There are numerous delicious variations on this recipe. Cleo Coyle has created dark chocolate and white chocolate versions for for Mystery Lovers’ Kitchen. Get the recipes. Photo courtesy Mystery Lovers’ Kitchen.




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April 2007
Last Updated April 2016

Product Reviews / Main Nibbles / Cookies

Recipe: Matzo Toffee

Also Called Vanilla Matzoh Caramel Buttercrunch, An Irresistible Dessert Or Snack


If you’ve had this delectable treat, you probably don’t know that it was invented by cookbook author Marcy Goldman in 1985 as an alternative to the heavier Passover desserts. This is only as easy as it is addictive. Although it’s delicious all year round, make a box to serve at your seders and other boxes to give as gifts. Marcy makes a batch with semi-sweet chocolate, one with white and dark or milk chocolate swirl, a butter-brown sugar topped one only, and this newest version, Vanilla Matzoh Buttercrunch. You can pass a plate full of Matzoh Buttercrunch, or serve it like a candy in confectioners’ paper cups.

This recipe is printed with permission, and is © copyrigh BetterBaking.Com, established 1997.

Visit Marcy Goldman’s website,, for more recipes.



  • 4-6 unsalted matzoh boards or sheets
  • 1 cup (2 sticks) unsalted butter or unsalted Passover margarine
  • 1 cup brown sugar, packed firmly
  • 1 cup chocolate chips or semi-sweet or bittersweet chocolate, coarsely chopped
  • 1 envelope Passover vanilla sugar or 2 teaspoons pure vanilla extract*
  • Optional: 1 cup sliced almonds, toasted and coarsely chopped (you can substitute pecans, pistachios or walnuts [don’t toast pistachios] or coconut)†
  • Optional: Fleur de Sel or other coarse sea salt

*If you use vanilla at Passover, use it. If not, the white vanilla sugar, for Passover, is fine.

Convert dry boards of matzoh into a chocolate buttercrunch treat so delicious, no one will know it’s matzoh.



  1. Preheat oven to 375°F. Line two 11" x 17" rimmed baking sheets completely with foil. Cover bottom of pan with baking parchment (on top of the foil). This is very important as the mixture becomes sticky during baking.
  2. Line the bottom of the pan evenly with matzoh boards, cutting extra pieces of matzoh, as required, to fit any spaces on the cookie sheet as evenly as possible.
  3. Combine butter and brown sugar in a 3 quart, heavy-bottomed saucepan. Cook over medium heat, stirring constantly, until the mixture comes to a boil. Continue cooking 3 more minutes, stirring constantly.
  4. Remove from heat and stir in the vanilla powder or extract. Stir well, and then pour or spoon over matzoh with a heatproof utensil. Place in the oven and immediately reduce heat to 350°F. Bake 15-20 minutes, until the syrup darkens and gets thick, checking every few minutes to make sure the mixture is not burning. If it seems to be browning too quickly, remove from the oven, lower heat to 325°F and replace.
  5. Remove matzoh boards from the oven and sprinkle immediately with chopped chocolate or chips. Let stand 5 minutes, then spread the melted chocolate over the matzoh with a spatula.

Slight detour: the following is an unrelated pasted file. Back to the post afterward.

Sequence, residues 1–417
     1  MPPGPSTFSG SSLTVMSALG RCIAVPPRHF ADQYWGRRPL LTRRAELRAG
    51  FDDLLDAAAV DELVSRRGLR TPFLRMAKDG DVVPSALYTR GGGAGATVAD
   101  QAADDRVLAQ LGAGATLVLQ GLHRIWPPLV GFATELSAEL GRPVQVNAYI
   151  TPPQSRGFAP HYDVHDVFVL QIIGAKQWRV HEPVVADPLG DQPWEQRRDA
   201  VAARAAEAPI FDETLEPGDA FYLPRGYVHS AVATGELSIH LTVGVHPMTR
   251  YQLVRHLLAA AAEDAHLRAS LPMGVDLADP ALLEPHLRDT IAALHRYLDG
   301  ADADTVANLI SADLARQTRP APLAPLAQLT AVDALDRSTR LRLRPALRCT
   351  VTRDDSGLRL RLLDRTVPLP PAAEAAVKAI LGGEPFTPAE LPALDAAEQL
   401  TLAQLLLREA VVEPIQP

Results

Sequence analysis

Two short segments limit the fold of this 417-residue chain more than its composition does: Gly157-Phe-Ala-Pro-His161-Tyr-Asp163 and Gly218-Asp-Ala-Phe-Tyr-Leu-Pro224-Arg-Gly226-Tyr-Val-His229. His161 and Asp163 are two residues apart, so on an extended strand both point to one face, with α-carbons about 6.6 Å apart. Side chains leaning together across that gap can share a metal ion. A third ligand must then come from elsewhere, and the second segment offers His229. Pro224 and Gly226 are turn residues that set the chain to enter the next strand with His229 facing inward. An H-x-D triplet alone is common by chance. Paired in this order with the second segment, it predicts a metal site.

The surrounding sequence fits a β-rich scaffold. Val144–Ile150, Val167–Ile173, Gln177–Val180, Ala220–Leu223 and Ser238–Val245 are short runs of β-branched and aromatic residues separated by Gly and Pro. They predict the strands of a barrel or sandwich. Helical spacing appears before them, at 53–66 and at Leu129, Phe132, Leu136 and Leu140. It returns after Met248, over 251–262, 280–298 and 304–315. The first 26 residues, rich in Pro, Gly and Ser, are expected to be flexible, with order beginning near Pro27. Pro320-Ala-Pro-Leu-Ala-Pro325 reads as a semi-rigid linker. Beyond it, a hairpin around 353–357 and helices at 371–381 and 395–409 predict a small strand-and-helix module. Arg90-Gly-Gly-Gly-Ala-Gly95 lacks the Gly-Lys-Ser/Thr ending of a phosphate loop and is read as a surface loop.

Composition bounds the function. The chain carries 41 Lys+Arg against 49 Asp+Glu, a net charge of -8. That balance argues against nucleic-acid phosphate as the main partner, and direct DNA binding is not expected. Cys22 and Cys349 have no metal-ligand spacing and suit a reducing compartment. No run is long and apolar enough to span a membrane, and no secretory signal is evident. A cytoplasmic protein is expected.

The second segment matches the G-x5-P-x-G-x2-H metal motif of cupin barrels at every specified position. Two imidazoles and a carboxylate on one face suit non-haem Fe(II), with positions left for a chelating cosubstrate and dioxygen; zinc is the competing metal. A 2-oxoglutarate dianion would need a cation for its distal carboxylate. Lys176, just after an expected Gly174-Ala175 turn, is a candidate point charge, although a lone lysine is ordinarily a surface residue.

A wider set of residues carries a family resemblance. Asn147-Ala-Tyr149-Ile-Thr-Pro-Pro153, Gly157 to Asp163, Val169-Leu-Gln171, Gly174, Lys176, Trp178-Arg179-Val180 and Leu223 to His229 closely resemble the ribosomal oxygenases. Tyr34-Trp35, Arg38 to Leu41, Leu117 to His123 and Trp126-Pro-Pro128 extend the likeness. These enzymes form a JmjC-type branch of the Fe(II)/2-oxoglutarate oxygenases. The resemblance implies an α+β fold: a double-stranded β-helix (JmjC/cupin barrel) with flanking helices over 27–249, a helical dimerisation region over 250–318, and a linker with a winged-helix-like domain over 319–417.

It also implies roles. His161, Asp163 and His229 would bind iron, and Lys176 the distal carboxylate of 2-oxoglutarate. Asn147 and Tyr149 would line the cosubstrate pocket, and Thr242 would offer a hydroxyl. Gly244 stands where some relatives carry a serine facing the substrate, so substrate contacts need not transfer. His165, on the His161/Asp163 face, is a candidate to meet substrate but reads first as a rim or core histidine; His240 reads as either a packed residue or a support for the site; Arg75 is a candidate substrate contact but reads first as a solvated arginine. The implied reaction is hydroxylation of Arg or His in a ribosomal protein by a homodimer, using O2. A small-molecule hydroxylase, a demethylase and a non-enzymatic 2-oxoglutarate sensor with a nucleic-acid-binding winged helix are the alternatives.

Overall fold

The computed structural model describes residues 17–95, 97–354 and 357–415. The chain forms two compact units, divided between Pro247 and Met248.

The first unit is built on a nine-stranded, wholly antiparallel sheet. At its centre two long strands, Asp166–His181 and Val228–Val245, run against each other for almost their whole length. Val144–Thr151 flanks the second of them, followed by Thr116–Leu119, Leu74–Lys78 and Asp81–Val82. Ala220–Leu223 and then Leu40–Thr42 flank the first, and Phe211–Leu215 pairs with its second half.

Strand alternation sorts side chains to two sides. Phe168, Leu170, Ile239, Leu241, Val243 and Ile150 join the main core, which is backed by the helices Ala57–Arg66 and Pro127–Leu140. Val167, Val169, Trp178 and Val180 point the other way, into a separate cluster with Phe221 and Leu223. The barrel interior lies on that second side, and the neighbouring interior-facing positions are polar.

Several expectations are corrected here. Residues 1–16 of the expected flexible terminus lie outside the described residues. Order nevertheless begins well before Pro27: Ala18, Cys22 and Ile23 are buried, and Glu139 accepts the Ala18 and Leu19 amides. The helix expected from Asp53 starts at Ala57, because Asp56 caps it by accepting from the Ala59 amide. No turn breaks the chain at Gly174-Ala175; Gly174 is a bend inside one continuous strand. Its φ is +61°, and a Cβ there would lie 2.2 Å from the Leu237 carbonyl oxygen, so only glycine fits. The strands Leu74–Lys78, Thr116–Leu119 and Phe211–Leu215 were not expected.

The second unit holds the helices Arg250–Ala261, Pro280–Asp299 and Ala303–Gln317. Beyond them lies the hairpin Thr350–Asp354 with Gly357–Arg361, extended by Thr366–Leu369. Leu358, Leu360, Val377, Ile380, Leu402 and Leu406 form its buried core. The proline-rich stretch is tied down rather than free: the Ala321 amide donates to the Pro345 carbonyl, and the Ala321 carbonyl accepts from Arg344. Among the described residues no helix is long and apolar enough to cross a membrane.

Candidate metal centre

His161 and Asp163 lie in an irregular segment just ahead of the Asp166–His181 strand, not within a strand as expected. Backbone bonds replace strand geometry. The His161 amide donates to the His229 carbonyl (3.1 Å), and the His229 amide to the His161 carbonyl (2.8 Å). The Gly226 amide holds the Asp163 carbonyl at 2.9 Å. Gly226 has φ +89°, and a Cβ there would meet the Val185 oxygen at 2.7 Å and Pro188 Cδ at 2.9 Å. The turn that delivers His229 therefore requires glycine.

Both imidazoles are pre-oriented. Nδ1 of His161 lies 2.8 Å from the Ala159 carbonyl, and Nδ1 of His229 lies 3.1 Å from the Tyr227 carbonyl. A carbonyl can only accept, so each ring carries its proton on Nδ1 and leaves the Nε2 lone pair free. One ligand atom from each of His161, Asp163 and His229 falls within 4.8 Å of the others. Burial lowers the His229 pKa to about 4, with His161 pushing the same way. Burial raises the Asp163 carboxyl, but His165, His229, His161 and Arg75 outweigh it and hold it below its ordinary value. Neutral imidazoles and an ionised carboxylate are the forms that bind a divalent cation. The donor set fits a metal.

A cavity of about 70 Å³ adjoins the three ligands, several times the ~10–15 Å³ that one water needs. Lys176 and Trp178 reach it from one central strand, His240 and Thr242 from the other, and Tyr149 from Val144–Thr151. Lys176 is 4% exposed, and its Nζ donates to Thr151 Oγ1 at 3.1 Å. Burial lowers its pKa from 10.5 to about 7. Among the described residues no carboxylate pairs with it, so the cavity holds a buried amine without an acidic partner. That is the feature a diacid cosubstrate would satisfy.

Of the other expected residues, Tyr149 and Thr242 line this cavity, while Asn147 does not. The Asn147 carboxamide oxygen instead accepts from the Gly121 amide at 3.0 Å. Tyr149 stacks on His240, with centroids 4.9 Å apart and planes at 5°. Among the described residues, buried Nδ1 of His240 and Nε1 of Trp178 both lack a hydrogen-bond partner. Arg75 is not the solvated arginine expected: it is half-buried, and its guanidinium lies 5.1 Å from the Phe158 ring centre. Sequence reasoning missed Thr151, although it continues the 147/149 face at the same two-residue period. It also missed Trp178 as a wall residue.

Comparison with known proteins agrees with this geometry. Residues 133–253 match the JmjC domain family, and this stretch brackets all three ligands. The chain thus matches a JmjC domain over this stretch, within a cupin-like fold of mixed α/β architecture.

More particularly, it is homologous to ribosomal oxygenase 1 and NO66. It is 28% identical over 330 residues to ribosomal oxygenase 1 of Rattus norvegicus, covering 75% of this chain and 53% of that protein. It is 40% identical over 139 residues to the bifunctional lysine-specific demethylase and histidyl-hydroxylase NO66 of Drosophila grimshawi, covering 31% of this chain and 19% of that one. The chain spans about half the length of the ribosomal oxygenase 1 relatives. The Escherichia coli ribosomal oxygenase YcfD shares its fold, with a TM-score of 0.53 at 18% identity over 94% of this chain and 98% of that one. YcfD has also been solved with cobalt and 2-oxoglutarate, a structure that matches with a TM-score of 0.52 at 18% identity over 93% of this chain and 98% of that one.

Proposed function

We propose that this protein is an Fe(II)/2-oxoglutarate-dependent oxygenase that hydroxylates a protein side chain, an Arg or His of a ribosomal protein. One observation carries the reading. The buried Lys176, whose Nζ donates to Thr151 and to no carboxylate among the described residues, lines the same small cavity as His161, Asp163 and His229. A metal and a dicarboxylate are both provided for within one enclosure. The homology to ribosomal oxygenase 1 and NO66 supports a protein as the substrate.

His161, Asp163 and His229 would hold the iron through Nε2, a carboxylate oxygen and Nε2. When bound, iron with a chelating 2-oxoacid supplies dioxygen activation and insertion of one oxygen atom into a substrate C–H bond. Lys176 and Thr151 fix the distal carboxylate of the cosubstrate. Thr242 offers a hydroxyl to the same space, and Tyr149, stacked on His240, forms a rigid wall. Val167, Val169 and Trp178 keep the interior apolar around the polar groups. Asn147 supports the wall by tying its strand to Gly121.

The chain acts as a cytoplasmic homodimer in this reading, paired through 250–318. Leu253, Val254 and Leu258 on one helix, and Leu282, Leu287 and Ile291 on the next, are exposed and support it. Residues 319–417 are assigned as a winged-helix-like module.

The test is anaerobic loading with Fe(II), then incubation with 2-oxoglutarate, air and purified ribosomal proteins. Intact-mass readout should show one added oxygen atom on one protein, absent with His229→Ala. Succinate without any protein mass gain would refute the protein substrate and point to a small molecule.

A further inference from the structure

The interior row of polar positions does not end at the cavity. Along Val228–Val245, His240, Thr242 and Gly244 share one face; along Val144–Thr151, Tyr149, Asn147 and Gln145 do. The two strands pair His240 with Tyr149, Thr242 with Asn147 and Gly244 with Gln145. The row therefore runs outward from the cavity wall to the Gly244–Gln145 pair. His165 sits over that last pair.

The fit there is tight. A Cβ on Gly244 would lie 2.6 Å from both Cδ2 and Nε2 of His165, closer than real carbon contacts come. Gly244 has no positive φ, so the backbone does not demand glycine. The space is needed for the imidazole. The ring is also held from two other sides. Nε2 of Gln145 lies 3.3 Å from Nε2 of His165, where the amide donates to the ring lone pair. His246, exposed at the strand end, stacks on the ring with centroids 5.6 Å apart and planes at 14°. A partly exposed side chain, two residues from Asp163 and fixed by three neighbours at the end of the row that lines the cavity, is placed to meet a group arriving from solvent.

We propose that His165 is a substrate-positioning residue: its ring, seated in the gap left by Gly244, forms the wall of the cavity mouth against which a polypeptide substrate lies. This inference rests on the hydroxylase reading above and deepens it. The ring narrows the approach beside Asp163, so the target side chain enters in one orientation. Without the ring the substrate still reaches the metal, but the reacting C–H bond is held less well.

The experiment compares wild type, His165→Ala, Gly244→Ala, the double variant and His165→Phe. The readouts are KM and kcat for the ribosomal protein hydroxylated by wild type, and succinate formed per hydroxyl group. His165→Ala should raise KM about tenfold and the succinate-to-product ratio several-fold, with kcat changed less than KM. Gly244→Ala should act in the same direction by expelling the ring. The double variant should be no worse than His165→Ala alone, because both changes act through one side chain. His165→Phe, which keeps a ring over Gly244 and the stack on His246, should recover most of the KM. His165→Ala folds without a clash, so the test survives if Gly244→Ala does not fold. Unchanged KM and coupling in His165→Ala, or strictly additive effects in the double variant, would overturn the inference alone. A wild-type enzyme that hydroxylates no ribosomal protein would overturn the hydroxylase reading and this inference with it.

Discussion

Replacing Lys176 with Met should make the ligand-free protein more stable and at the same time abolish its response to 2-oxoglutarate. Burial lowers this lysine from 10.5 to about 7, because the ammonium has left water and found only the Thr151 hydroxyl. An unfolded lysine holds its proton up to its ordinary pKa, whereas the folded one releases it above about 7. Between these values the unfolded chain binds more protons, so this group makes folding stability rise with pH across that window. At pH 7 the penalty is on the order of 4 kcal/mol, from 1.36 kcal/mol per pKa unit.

6. Sprinkle with Fleur de Sel, then add the nuts, pressing them into the chocolate. Let cool completely, (you can chill in the refrigerator until set); cut into squares or break into pieces. Store in an airtight container.


  • White Chocolate: You can also use white chocolate (or both white and dark), coarsely chopped , and chopped, toasted almonds (sprinkle on top as chocolate sets).
  • White Sugar: If you prefer white sugar, or if you can’t find kosher brown sugar (i.e. for Passover) follow these directions: Place 2 cups of white sugar in a heavy bottomed saucepan with 2 tablespoons of water. Stir over heat on low to medium until the sugar dissolves. Continue cooking until the mixture turns medium amber. Pour over the matzoh laid out on the baking sheets. Spread and sprinkle on chocolate chips. There is NO BAKING for this version.


White chocolate with pistachios. Photo courtesy Mystery Lovers’ Kitchen.

Fleur de Sel

French for “flower of the salt,” fleur de sel is raked by hand from the salt ponds of Guèrande, Brittany, on the coast of France. The salt rises to the top of the water, forming delicate flakes that, upon drying, are white and can acquire a pinkish hue.

Prized by chefs and gourmets for its high quality, there are other salts that call themselves “fleur de sel.” But first buy the authentic original product from Guèrande (the others are good salts, they just taste different

  Fleur de Sel
Fleur de sel de Guèrande, the world’s most prized salt. You can buy it online.

Read our Salt Glossary for more information about artisan salt. You can buy fleur de sel locally or online.



© This is a Marcy Goldman/ original recipe presented here for sole, personal use of visitors of BetterBaking.Com Online Magazine. Marcy Goldman/ recipes are for your enjoyment but not to be posted or reprinted without express permission of the author/baker. Thank you for respecting the copyright and happy baking. BetterBaking.Com, established 1997. Additional material Lifestyle Direct, Inc. All rights reserved.